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Friday, May 26, 2017, 6:01 a.m.

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3 parks preserve artifacts, history of state's first inhabitants

By Jack Schnedler

This article was published May 18, 2017 at 1:57 a.m.

the-artifacts-at-hampson-archeological-museum-state-park-in-wilson-include-portrayals-of-turtles-and-other-animals-as-well-as-humans

The artifacts at Hampson Archeological Museum State Park in Wilson include portrayals of turtles and other animals as well as humans.

There are no American Indian reservations in Arkansas. And less than 1 percent of our state's population has Native American ancestry.

But three state parks -- Toltec Mounds, Parkin and Hampson -- are devoted to Arkansas' prehistory. And the splendid Museum of Native American History in Bentonville highlights the Indian heritage of Arkansas as part of its continentwide exhibits.

Toltec Mounds Archeological State Park, a dozen miles southeast of Little Rock off U.S. 165, was mistakenly named in the 19th century by a landowner who thought the builders had been ancient Mexicans. The site is jointly managed, as is Parkin, by Arkansas State Parks and the Arkansas Archeological Survey.

Visitors can walk a trail on a self-guided tour to see the state's tallest American Indian mounds, three of which survive from the original 18. Surrounded by parts of an earth embankment, they evidently were built as a governmental and ceremonial center and inhabited from A.D. 650-1050 during the late Woodland through early Mississippian periods.

Parkin Archeological State Park, in Cross County, occupies a location on the St. Francis River where a 17-acre Mississippi Period village sat from about A.D. 1000-1600.

Some scholars believe this was the village of Casqui that Hernando de Soto's expedition visited in 1541 and was mentioned in his chronicles. A large platform mound can still be seen along the riverbank. There were once numerous prehistoric sites like Parkin in northeast Arkansas, but almost all were lost to farming and erosion in the 19th and early 20th centuries.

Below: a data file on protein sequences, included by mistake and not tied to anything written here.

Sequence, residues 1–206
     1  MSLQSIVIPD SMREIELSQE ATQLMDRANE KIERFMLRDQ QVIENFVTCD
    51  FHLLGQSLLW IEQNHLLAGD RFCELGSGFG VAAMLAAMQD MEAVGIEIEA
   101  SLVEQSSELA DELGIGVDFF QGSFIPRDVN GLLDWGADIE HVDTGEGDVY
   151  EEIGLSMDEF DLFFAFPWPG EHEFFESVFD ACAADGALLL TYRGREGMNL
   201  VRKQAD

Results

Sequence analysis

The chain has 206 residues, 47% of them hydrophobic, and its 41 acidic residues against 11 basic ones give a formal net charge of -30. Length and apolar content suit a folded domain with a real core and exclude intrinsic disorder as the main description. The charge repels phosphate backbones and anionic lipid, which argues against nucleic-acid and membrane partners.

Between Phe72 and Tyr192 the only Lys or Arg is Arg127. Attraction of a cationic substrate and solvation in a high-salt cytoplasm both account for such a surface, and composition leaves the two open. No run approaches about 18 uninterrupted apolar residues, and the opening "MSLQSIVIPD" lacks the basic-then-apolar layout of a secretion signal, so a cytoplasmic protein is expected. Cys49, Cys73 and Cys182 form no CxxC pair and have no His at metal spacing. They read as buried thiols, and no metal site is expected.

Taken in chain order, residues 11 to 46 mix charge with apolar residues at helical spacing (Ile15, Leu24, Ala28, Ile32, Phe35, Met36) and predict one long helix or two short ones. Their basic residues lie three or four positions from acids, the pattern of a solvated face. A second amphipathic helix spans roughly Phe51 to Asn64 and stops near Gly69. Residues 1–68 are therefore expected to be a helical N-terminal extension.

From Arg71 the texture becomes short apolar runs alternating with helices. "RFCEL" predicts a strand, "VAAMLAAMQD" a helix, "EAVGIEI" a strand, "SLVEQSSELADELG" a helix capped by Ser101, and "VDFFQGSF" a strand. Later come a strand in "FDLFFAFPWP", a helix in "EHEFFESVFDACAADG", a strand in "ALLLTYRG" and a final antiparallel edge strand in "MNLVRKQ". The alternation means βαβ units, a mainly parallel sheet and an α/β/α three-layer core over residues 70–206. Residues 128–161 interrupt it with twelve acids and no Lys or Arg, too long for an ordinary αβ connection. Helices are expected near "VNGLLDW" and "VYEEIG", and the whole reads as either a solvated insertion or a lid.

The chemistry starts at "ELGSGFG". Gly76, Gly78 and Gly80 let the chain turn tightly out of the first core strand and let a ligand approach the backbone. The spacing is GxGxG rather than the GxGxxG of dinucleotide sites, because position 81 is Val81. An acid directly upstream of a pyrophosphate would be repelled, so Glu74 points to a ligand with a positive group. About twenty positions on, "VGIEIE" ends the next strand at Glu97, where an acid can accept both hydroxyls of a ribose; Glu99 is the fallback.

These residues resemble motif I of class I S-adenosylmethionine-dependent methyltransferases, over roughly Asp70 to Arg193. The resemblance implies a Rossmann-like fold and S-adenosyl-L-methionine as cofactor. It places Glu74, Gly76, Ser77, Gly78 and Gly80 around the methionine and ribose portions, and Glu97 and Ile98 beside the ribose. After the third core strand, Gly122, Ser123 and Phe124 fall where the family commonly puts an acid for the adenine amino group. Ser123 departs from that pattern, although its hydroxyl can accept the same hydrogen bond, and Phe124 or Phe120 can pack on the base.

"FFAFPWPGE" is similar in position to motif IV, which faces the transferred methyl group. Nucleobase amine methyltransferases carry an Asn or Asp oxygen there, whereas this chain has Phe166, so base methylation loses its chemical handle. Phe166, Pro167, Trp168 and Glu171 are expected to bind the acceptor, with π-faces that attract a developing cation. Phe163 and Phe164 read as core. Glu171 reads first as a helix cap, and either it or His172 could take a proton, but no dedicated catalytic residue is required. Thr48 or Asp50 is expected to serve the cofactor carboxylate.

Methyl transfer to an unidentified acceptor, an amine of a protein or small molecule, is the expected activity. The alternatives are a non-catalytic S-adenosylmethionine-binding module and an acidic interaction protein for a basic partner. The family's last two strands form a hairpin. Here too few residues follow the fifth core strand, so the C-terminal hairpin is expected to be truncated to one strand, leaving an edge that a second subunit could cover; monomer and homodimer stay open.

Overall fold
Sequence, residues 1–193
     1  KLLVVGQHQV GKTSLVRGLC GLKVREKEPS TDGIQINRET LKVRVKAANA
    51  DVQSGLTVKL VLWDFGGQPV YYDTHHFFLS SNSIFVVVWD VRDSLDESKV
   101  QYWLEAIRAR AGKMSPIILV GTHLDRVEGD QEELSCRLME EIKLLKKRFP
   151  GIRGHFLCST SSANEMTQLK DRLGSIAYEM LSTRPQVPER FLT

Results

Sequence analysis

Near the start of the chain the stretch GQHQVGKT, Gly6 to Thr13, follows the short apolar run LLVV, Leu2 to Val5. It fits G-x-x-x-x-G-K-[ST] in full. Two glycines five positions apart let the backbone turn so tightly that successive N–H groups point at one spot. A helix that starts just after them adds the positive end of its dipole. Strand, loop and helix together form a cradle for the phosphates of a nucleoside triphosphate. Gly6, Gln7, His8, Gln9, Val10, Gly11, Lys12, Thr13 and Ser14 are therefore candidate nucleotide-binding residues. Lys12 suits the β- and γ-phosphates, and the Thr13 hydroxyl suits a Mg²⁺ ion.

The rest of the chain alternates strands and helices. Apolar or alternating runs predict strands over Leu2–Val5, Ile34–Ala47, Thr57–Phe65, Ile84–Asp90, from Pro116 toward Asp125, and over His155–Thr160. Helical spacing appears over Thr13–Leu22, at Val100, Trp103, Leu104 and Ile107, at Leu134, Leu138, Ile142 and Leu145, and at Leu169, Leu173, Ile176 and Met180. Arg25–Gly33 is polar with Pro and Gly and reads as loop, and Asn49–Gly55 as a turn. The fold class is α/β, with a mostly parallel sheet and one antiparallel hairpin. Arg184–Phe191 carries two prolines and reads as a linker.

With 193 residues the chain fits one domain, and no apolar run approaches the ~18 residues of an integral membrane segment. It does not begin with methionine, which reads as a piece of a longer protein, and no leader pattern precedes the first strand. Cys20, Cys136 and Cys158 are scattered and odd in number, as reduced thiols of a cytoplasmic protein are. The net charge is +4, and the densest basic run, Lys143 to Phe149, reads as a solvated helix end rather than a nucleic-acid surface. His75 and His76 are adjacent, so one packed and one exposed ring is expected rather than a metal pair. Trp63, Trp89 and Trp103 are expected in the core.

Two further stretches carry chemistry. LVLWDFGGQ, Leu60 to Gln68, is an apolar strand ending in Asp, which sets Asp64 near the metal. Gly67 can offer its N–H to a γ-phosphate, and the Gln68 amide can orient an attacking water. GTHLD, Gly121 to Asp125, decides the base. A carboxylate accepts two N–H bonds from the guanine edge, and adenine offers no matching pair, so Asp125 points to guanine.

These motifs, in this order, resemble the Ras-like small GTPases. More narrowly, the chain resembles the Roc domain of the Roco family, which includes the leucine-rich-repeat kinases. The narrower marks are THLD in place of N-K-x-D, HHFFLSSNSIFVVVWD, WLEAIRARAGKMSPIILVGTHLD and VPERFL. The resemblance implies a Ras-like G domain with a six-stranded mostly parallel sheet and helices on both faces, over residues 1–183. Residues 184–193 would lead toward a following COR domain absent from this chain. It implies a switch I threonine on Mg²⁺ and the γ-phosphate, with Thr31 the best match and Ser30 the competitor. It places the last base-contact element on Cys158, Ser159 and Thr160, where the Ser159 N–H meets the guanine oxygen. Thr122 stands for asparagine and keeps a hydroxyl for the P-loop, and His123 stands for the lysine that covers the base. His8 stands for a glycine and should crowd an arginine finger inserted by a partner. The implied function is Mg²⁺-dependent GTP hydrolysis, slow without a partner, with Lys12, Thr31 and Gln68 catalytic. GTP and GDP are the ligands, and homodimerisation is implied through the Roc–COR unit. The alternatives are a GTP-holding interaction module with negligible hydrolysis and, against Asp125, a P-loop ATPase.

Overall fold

The state park also contains the Northern Ohio School, a one-room structure built around 1910 for children of black employees of the Northern Ohio Lumber and Cooperage Co. A visit gives a sense of the challenges facing black families in what was then known as the Sawdust Hill community.

Hampson Archeological Museum State Park, in the Mississippi County town of Wilson, displays a spectacular collection of pottery vessels, many showing human or animal images. They were made by farming-based Indians who lived on a meander bend of the Mississippi River from A.D. 1400-1650.

Now known as the Upper Nodena Cultural Site, the 15-acre village was protected by a palisade and housed as many as 1,600 people. There were three ceremonial mounds. South of the central plaza was a field possibly used for playing a game called chunkey.

The pottery was crafted from local back-swamp clays. Archaeological evidence shows that the Nodena, like other Mississippian people, imported stone for weapons and tools from the north, while trading for shells from the Gulf of Mexico.

Visitors intrigued by one or more of the archaeological state parks can have their appreciation deepened at the Museum of Native American History in Bentonville. While its clearly explained exhibits cover all of North America, the galleries devoted to Arkansas prehistory are especially pertinent to our state's audience.

Toltec Mounds, Parkin and Hampson archaeological state parks are open 8 a.m.-5 p.m. Tuesday-Saturday and 1-5 p.m. Sunday, as well as 8 a.m.-5 p.m. on holiday Mondays. Visitor center admission is free, with charges for some escorted tours at Toltec Mounds and Hampson.

Information on the three parks is available at arkansasstateparks.com. Toltec Mounds' telephone number is (501) 961-9442. Parkin's is (870) 755-2500. Hampson's is (870) 655-8622.

The Museum of Native American History, 202 SW O St., Bentonville, is open 9 a.m.-5 p.m. Monday-Saturday. Admission is free. For information, visit monah.us or call (479) 273-2456.

Weekend on 05/18/2017

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